This innocuous little autumn-flowering crocus produces saffron, the world’s most expensive spice.
Saffron is what you get when you detach the stigmas and dry them. (Stigmas are the sticky ends of a flower’s reproductive girly parts.) Harvesting takes place over a six week period in mid-late autumn. The flowers are picked early in the morning so they don’t get a chance to open and the stigmas stay protected.
Then, assuming your extremities haven’t turned black and gangrenous from that 15-degree frost you’ve just been working in for the last hour or so, you take the flowers inside, extract the tiny stigmas (keeping them attached to each other, naturally), dry them to the correct standard, weigh them and proudly admire your morning’s work: half a gram of finished product.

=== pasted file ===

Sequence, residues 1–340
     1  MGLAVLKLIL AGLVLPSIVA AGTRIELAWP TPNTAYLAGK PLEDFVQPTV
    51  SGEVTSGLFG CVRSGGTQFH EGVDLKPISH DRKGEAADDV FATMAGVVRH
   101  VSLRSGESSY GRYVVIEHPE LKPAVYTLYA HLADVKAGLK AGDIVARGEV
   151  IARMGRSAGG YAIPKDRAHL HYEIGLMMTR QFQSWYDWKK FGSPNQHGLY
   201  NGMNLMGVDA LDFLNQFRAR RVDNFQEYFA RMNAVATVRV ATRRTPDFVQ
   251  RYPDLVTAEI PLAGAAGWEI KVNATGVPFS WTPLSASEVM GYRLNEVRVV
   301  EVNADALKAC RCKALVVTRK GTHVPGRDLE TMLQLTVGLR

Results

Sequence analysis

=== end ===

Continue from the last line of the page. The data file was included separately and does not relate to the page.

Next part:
That’s why saffron’s so expensive.
Farmer Wan and I, being suckers for this sort of punishment, decided it was about time we took a crash course on a cash crop and so we recently acquired 1,000 C.sativus corms. We wanted to give them the best possible chance of producing highest-grade saffron, so we went to a fair bit of trouble to ensure they’d flourish.
After calculating that we’d need 20m2 of growing space, Farmer Wan knocked up eight raised beds from untreated eucalyptus. You can follow what we did next by viewing the slideshow below.
Posted by Farmer Nik
About Ewan and Niki
Scottish mechanical engineer with a deep and abiding passion for good food. Outstanding cook. Builder of lots of stuff. Cattle whisperer. Connoisseur of beer. A lover rather than a fighter.
Kiwi writer and broadcaster who hates cabbage, even though she knows it's good for her. Chook wrangler. Grower of food and flowers. Maker of fine preserves. Lover of dancing and wine. Definitely a fighter.